The trial of the teenager accused of first-degree murder in the hit-and-run of Calgary Police officer Sargeant Andrew Harnett on New Year's Eve 2020, resumed on Tuesday at the Court of King’s Bench in Calgary. The individual, whose name is under publication ban because he was a minor at the time of the alleged offence, took the stand as the sole defence witness in the case.  

The accused's defence counsel, Zachary Al-Khatib, played snippets of Sargeant Harnett's body camera footage from that evening for the court, asking the accused to explain what was happening inside the car when he was pulled over. Harnett had originally performed the traffic stop because the driver had failed to turn on his headlights. When Harnett asked for a valid driver's license, the driver admitted to him he did not have one, though he did give the officer his name and explained to the court that because the vehicle was unfamiliar to him, he was unaware that he was driving with no lights on. Al-Khatib asked the accused, who is now 19, to explain if he had been pulled over by the police before, and he said he had. 

"The officer starts asking me for my phone number and then my address, and then eventually you'll see [from the footage] the officer told me to pop open my door because he wants to see a VIN number. I wasn't even aware there was a VIN number at the door," he said. "I never had my door open before I got pulled over. So, I was just I was kind of confused as to why you'd asked me for like my phone number as well." 

By the time Sargeant Harnett was inspecting the VIN number on the vehicle, another police car had shown up at the scene, which the accused said made him more anxious. After police ran the identification of the passenger, Amir Abdulrahman, the co-accused, they received information there were warrants out for Abdulrahman.  Al-Khatib asked the accused on the stand if there was anything illegal in the car at the time of the traffic stop, to which he adamantly denied.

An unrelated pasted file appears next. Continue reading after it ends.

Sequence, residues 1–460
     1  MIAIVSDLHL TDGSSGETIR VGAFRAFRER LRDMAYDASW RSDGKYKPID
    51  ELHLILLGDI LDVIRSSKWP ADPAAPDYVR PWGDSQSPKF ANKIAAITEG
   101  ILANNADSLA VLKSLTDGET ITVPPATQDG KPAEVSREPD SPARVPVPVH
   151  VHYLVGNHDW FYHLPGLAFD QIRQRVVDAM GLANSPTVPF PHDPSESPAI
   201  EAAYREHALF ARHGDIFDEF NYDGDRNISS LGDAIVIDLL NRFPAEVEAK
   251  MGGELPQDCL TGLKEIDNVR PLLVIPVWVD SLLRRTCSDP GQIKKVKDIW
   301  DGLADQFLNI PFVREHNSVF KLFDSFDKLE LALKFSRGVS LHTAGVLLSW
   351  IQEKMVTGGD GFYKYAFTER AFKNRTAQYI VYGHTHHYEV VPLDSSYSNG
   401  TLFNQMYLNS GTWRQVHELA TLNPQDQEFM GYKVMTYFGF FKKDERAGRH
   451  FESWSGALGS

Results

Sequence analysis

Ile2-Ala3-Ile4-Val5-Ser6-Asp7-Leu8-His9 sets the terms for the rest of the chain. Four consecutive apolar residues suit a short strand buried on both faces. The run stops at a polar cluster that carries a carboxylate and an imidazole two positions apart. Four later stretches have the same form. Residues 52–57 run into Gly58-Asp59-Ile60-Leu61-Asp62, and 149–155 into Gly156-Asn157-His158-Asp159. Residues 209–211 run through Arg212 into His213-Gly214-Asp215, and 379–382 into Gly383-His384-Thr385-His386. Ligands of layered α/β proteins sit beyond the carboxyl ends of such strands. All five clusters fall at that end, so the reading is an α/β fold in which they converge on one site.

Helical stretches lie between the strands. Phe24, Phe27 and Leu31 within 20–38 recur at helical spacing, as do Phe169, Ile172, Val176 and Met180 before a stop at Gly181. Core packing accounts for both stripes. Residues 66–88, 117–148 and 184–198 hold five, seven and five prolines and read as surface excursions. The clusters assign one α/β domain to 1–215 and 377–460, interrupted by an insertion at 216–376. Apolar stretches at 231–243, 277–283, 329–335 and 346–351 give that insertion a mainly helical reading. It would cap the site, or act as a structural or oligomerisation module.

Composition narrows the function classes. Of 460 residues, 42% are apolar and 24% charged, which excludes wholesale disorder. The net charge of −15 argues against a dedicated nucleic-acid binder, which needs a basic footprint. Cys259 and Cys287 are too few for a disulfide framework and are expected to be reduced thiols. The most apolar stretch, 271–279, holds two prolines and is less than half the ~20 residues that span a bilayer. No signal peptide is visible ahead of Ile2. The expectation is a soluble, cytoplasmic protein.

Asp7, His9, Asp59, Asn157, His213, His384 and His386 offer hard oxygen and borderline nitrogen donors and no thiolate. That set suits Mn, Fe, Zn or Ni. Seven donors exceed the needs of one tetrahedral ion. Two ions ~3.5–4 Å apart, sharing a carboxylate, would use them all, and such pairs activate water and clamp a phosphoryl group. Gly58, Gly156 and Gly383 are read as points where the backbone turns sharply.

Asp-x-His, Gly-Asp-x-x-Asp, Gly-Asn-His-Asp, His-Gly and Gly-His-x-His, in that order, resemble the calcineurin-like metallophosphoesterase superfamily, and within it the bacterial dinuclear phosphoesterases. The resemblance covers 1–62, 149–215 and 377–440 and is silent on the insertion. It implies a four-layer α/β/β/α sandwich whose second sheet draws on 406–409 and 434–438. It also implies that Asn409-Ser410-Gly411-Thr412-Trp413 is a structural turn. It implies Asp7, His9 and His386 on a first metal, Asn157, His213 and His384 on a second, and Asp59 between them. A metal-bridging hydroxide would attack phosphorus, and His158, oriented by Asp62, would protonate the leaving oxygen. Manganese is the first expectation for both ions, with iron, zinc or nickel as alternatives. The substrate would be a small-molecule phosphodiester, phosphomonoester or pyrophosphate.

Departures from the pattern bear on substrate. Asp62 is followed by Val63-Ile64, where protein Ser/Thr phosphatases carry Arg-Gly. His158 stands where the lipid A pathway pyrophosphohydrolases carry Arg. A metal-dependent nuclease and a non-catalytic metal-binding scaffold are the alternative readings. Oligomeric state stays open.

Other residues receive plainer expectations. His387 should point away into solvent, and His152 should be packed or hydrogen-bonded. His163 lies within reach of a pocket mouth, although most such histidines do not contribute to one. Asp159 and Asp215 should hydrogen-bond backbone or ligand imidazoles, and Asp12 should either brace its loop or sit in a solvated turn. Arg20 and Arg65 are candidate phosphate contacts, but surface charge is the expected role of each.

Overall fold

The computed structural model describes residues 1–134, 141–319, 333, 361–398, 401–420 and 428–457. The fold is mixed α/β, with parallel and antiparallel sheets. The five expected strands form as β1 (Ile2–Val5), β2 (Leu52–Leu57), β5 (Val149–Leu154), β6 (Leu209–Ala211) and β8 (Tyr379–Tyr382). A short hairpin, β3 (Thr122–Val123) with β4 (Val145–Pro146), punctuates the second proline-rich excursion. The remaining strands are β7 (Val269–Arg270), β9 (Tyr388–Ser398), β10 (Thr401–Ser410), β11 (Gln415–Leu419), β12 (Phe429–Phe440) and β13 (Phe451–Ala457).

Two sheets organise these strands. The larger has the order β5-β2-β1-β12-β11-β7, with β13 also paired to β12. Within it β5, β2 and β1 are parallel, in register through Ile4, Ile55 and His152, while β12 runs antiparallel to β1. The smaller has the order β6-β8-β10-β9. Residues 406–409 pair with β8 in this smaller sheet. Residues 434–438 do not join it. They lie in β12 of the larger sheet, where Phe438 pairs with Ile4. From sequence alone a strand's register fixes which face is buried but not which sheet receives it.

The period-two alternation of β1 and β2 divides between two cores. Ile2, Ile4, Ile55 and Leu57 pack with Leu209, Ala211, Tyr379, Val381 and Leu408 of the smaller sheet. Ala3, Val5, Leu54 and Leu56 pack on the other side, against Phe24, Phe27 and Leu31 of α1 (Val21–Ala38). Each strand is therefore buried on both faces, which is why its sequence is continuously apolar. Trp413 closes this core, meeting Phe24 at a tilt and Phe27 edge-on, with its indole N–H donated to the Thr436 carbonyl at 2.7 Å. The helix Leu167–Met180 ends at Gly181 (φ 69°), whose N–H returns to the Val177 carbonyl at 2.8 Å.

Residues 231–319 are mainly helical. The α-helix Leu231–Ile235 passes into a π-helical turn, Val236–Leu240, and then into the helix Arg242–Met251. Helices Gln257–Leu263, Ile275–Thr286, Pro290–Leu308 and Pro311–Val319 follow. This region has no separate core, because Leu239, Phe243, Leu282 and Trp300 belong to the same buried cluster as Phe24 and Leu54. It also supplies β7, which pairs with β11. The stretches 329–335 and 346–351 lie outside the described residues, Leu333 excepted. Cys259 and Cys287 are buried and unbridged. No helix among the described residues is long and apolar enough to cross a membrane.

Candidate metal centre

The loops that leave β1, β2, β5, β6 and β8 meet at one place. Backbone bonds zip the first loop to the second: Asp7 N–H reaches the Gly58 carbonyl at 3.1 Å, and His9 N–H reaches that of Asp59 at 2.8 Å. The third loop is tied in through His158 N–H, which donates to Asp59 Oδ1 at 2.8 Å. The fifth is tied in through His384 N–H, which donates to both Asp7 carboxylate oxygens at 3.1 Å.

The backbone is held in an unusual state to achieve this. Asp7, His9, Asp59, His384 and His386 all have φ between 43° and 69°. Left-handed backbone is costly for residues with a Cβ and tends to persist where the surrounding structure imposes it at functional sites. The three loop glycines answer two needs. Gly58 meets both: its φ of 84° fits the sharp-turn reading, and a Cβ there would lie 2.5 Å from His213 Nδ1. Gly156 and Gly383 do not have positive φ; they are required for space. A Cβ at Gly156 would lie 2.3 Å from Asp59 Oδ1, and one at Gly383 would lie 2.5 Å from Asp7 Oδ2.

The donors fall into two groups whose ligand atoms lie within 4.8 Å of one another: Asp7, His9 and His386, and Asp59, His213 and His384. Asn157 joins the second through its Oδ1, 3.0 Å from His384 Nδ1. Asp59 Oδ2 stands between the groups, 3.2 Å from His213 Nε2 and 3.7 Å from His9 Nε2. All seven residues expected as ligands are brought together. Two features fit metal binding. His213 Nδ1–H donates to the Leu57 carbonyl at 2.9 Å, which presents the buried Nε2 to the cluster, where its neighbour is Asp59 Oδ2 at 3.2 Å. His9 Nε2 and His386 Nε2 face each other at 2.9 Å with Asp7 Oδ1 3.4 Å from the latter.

Moments before the driver took off, the camera footage showed that the passenger door was open. 

"I look quickly to my left, I look to my mirror and I observed the officer Sergeant Harnett had his hand on his gun and as soon as I saw that, honestly I took off. I was scared. My anxiety was through the roof at this time. I think we were stopped for 40 minutes," the accused told the court.  

As the car accelerated, the accused said that Harnett was holding onto the door and had gotten ahold of the steering wheel. 

"The vehicle was kind of leaning towards the left; towards the gas station. I was trying to make sure that the car didn't crash into the gas station because he was grabbing the wheel with one hand and then his hand on the door." 

When Al-Khatib asked him why he didn't stop the car at that point, he told him that he was scared. At one point the vehicle went onto a snow berm and stopped for a short while. 

"[Sargeant Harnett] grabs onto my hair and he starts punching me and I'm trying to block my face and I'm just getting punched. I'm trying to back away and as I back away, my right leg hits the accelerator because I'm trying to back away," he told the court. "I'm thinking straight up like I'm done. I'm gonna get dragged out of a vehicle I'm going get killed."